Many people mistakenly assume sleeping pills are not habit-forming or addictive, and surprisingly enough people who have come to us with an addiction to sleeping pills were told, by their doctor, they wouldn’t form an addiction, and the medicine was safe. They may be safe for people who do not have underlying issues or may be more predisposed to addiction. After a while, people who take sleeping pills are not able to sleep without the help of a pill, or they need to continue increasing their dose in order to fall asleep or stay asleep.

Most people don’t realize they’ve become addicted until they stop taking their sleeping medication. They are shocked by the withdrawal symptoms they begin to feel. Addiction to sleeping pills starts when people up their doses and usually without the guidance of a physician.

Here are some signs the use of sleeping pills may have become an issue:

  • Failed attempts to quit
  • Cravings for sleep-related medications
  • Going to multiple doctors for prescriptions and refills
  • Frequent memory loss associated with the sleeping pills

Types of Sleeping Pills

Sleeping pills fall within the sedative-hypnotic category of drugs. In this grouping are also barbiturates and benzodiazepines, like Xanax; however, sleeping pills are non-benzodiazepine hypnotics. Commonly known as “z-drugs” because they induce sleep. The three most often prescribed sleeping pills are:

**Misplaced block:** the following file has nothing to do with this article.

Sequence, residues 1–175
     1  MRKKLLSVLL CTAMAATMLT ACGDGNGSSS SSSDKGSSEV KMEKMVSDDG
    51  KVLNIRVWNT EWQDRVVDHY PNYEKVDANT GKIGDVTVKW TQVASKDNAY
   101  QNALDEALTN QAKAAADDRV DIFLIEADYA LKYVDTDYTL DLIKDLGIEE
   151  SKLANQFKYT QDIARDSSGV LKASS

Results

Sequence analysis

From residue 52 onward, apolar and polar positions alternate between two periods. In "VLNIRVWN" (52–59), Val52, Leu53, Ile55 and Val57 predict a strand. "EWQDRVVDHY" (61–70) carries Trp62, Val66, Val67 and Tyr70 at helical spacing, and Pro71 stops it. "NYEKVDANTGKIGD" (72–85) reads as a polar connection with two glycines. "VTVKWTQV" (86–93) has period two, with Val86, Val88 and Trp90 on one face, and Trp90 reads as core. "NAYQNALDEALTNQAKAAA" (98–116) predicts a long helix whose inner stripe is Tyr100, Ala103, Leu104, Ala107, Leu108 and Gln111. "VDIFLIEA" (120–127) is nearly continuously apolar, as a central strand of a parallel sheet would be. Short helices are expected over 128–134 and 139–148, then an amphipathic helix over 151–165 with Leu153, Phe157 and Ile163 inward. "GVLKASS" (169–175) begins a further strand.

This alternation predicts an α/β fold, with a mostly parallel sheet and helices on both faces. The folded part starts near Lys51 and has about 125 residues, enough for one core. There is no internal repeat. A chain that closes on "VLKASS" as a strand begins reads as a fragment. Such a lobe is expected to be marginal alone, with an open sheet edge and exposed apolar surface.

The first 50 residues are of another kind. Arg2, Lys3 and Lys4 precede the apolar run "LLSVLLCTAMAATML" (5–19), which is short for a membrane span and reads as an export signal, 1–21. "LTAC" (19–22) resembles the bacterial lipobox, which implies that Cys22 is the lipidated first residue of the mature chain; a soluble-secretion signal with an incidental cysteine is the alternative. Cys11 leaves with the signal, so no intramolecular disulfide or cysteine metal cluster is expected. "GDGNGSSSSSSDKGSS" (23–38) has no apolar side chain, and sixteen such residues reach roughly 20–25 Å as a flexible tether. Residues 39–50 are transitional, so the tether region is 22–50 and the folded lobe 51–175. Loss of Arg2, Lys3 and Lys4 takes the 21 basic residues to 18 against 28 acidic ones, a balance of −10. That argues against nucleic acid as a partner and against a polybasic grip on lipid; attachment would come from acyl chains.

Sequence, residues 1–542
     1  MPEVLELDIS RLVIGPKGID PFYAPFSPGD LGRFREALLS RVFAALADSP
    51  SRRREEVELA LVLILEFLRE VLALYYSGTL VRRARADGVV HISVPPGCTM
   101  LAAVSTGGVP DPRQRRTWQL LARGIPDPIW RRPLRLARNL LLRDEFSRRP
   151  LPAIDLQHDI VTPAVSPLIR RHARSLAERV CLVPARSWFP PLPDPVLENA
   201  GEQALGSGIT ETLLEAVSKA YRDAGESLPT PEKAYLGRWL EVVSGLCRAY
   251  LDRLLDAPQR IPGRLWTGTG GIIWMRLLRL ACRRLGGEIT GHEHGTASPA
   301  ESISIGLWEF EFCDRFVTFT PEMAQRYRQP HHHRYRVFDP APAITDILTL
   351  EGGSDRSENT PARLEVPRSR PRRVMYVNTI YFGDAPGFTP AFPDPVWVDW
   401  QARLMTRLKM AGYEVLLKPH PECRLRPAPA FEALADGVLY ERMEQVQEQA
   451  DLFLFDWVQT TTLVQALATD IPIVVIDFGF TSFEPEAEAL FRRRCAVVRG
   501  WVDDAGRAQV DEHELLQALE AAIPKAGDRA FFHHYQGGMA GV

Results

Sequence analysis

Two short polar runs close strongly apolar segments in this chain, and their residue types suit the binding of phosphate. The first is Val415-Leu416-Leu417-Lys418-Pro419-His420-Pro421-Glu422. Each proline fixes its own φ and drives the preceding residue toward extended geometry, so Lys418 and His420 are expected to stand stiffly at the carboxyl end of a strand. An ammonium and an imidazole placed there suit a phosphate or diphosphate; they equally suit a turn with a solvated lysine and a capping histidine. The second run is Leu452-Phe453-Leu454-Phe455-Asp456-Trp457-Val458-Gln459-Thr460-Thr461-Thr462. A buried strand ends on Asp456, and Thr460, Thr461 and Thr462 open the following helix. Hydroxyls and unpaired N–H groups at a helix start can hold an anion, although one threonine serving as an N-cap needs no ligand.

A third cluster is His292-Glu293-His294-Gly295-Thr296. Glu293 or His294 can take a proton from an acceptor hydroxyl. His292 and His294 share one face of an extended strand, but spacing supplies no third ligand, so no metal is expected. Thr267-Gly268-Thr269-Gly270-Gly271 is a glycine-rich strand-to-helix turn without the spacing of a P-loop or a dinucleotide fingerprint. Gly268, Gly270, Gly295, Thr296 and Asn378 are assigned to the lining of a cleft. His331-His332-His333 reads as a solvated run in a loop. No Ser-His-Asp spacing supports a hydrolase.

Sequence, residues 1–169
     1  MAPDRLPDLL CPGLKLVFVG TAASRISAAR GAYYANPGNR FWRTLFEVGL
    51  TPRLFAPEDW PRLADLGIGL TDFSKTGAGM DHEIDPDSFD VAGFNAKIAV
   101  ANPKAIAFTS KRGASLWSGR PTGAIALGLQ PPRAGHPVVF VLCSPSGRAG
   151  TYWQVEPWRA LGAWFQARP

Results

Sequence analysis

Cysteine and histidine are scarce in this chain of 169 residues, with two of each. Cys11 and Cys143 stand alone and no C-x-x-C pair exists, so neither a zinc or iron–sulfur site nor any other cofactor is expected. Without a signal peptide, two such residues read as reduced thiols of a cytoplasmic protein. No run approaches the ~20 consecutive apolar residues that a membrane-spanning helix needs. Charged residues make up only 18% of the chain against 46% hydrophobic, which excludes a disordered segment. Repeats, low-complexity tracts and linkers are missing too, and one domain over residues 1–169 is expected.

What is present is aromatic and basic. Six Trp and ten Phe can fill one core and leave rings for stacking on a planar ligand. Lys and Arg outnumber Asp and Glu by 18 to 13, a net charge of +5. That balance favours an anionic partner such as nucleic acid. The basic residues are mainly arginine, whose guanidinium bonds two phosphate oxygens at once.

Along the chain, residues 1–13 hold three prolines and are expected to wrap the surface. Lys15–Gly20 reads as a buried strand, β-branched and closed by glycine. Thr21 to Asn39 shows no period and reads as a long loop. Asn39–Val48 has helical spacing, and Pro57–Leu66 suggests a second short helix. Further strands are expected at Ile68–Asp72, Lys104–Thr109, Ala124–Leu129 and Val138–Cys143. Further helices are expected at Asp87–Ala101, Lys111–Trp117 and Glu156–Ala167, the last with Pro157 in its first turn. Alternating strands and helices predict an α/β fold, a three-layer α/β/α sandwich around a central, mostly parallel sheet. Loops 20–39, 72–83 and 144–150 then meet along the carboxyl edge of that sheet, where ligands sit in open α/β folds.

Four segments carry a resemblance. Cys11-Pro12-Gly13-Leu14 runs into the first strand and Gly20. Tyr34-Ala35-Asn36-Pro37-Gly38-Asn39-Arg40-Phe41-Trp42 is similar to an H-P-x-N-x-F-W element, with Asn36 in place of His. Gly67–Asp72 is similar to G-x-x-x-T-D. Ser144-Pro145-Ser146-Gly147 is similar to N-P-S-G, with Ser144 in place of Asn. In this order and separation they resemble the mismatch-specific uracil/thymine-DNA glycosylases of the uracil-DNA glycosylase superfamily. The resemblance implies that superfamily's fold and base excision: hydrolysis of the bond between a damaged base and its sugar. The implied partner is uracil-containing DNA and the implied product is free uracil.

• Ambien (zolpidem)
  • Sonata (zaleplon)
  • Lunesta (eszopiclone)

After a while, recovery gets harder because the brain is used to the effects of the sleeping pills. Many addicts who try to quit sleeping pills say they suffer from bouts of insomnia that are worse than before they started taking the drug. The good news is that we can help break the cycle. With monitored, medically-assisted detox patients are usually relieved of most withdrawal symptoms.

Stimulant Abuse and Addiction

Understanding how stimulants affect the body may help people understand why they have a high potential for abuse and addiction. Stimulants act on the central nervous system to boost alertness and cognitive function. They can be prescribed by a doctor or an illegal substance, such as cocaine. All can be taken orally, snorted or injected.

Many people begin abusing prescription stimulants to improve their performance versus getting “high.” There’s a long history of students and athletes overusing stimulants in an effort to outperform their peers or the competition. It may start out as a harmless attempt to overachieve, but it can quickly turn into an addiction.

Like other drugs commonly abused, stimulants produce an overload of dopamine in the brain. This pleasure-inducing chemical establishes its hold on an addict when the brain can no longer produce reasonable amounts of it on its own. This craving for more pleasure only reinforces stimulant abuse and develops into addiction in a short period of time.

Here is a list of some of the most well-known stimulants:

  •  Adderall
  • Dexedrine
  • Ritalin
  • Concerta
  • Desoxyn
  • Ephedrine
  • Illicit Stimulants (cocaine, crack, and crystal meth)